Marijuana users could soon find it more difficult than ever to qualify for unemployment benefits.
Earlier this week, Congress approved a measure that would repeal an old Obama administration rule preventing states from denying unemployment benefits because of a failed drug screen. If President Trump signs the bill, which is expected, states could start refusing this money to people who use medical and recreational marijuana.
The proposal, passed by the Senate on Tuesday, eliminates a Labor Department directive that restricts how states test unemployment benefit applicants for drugs. Former President Obama had made it to where a state could only test people if they were seeking a position that made drug testing a prerequisite of employment, but the updated policy (pending Trump’s signature, of course) would give states the legal authority to test all applicants.
Although marijuana is legal in over half the nation, the federal government still considers the herb one of the most dangerous drugs in the world. Therefore, any state wishing to prevent cannabis consumers from claiming unemployment benefits could do so under the language of this resolution.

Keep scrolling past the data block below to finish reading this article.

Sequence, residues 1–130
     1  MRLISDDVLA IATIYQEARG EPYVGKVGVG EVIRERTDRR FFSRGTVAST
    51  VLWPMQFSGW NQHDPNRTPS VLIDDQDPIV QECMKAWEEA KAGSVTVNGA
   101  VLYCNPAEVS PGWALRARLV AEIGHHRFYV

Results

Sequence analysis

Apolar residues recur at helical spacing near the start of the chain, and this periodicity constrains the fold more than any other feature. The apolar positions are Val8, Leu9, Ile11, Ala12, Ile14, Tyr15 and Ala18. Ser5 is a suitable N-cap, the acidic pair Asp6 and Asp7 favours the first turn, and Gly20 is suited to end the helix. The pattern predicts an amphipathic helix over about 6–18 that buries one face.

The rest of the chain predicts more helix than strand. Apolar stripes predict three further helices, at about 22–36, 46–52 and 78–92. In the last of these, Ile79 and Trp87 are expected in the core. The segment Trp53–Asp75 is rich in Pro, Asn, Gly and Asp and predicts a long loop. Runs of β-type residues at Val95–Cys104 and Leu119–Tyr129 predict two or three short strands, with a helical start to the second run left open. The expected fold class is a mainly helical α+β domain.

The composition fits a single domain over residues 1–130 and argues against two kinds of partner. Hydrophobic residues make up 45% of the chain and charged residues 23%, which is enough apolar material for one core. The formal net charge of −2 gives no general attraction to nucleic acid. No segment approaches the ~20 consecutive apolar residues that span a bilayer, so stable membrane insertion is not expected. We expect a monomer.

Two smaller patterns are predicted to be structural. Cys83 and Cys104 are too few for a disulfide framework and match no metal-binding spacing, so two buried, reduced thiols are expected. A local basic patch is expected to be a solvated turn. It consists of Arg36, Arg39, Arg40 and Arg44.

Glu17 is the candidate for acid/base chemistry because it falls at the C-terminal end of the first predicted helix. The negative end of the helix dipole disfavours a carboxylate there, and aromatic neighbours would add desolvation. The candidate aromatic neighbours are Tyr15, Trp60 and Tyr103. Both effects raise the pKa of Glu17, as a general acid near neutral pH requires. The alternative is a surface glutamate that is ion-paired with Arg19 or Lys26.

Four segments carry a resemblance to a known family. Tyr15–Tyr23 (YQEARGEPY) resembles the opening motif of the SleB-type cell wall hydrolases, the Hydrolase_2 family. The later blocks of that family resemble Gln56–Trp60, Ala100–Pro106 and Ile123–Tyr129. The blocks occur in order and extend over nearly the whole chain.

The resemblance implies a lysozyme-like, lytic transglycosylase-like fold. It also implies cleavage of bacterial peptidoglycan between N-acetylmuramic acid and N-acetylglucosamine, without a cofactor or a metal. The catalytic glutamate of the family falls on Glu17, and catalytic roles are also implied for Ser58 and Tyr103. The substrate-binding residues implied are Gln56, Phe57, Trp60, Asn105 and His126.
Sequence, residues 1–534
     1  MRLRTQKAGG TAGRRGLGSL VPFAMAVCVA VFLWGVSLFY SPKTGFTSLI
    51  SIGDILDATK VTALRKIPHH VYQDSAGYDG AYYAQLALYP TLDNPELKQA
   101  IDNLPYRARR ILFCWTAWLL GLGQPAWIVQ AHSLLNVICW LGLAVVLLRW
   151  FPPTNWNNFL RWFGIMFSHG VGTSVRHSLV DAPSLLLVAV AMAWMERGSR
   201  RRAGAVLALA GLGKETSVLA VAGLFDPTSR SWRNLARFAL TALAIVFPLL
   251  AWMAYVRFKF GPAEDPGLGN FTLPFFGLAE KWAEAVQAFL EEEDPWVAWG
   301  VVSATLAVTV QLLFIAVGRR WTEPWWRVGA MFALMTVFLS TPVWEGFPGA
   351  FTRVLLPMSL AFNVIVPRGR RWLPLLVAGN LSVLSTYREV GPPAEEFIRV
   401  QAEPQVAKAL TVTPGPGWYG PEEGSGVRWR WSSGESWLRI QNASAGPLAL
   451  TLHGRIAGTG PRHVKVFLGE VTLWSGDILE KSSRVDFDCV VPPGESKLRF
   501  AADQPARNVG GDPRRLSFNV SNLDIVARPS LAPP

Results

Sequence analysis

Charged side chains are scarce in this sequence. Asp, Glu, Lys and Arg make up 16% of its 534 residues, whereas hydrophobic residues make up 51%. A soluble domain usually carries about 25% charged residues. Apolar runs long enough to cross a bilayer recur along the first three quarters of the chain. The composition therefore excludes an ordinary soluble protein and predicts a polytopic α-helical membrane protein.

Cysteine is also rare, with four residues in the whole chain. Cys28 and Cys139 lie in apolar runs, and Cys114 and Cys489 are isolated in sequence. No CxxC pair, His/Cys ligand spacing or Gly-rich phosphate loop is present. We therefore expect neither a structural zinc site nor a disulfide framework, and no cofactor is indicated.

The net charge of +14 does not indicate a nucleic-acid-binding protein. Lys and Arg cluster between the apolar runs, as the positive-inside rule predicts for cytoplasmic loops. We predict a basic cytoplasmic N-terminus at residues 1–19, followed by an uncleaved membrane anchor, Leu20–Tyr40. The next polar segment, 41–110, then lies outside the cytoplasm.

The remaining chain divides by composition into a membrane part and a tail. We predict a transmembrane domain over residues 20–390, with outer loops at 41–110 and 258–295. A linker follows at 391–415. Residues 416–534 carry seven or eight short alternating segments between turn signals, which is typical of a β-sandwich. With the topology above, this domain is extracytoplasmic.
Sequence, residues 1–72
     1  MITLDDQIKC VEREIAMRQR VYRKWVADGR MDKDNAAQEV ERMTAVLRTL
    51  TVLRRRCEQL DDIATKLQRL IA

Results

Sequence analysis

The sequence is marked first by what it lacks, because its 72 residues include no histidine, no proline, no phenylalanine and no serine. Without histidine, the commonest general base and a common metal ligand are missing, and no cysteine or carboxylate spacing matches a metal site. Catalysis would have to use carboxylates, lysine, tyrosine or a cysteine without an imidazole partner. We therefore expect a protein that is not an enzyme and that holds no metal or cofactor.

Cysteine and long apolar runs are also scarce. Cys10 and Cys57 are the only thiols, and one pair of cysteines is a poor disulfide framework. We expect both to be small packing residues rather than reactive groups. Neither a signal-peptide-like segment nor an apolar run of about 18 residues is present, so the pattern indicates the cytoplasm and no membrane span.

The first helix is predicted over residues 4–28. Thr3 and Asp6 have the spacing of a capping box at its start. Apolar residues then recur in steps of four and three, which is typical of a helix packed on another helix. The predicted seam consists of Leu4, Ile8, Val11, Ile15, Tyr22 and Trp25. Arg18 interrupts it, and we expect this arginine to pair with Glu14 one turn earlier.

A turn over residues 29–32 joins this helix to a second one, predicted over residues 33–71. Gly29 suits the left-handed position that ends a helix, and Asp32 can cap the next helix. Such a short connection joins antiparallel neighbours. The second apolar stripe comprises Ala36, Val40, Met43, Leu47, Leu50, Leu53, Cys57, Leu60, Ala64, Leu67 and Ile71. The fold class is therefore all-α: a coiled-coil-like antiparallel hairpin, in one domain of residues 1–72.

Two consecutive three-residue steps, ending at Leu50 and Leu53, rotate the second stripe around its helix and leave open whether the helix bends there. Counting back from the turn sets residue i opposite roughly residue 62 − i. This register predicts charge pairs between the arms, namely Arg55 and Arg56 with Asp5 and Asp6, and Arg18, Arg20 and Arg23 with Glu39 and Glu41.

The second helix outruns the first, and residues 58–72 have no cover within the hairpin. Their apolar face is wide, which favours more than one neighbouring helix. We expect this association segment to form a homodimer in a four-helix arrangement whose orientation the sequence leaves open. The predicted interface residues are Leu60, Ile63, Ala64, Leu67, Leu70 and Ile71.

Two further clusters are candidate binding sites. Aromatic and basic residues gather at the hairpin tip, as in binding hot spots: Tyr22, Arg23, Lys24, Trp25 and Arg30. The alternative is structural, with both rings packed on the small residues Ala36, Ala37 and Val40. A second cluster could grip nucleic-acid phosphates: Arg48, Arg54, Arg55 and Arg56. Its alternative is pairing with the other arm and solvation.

It’s a move that many civil rights and labor organizations say teeters on unconstitutional.
“Government-mandated drug testing not based on individualized suspicion is unconstitutional,” reads a letter signed by 50 organizations that oppose the measure. “Drug tests historically have been considered searches for the purposes of the Fourth Amendment. For searches to be reasonable, they generally must be based on individualized suspicion unless the government can show a special need warranting a deviation from the norm.”
However, Republican lawmakers somehow believe that rolling back Obama’s “soft” approach to testing unemployment insurance applicants for drugs is the right move. But Democrats can see it for what it really is – just another way perpetuate the downtrodden plight of the American poor.
Drug policy reformers agree with the latter.
“For years, a small handful of Republicans in Congress have pushed this deceptive agenda and have got Republican leadership to buy in,” said Grant Smith, deputy director of national affairs with the Drug Policy Alliance. “It’s shameful to see Republicans who have provided so much leadership recently on the opioid crisis now pushing drug testing schemes that provide no treatment and only serve to stigmatize and punish people who have lost their jobs.”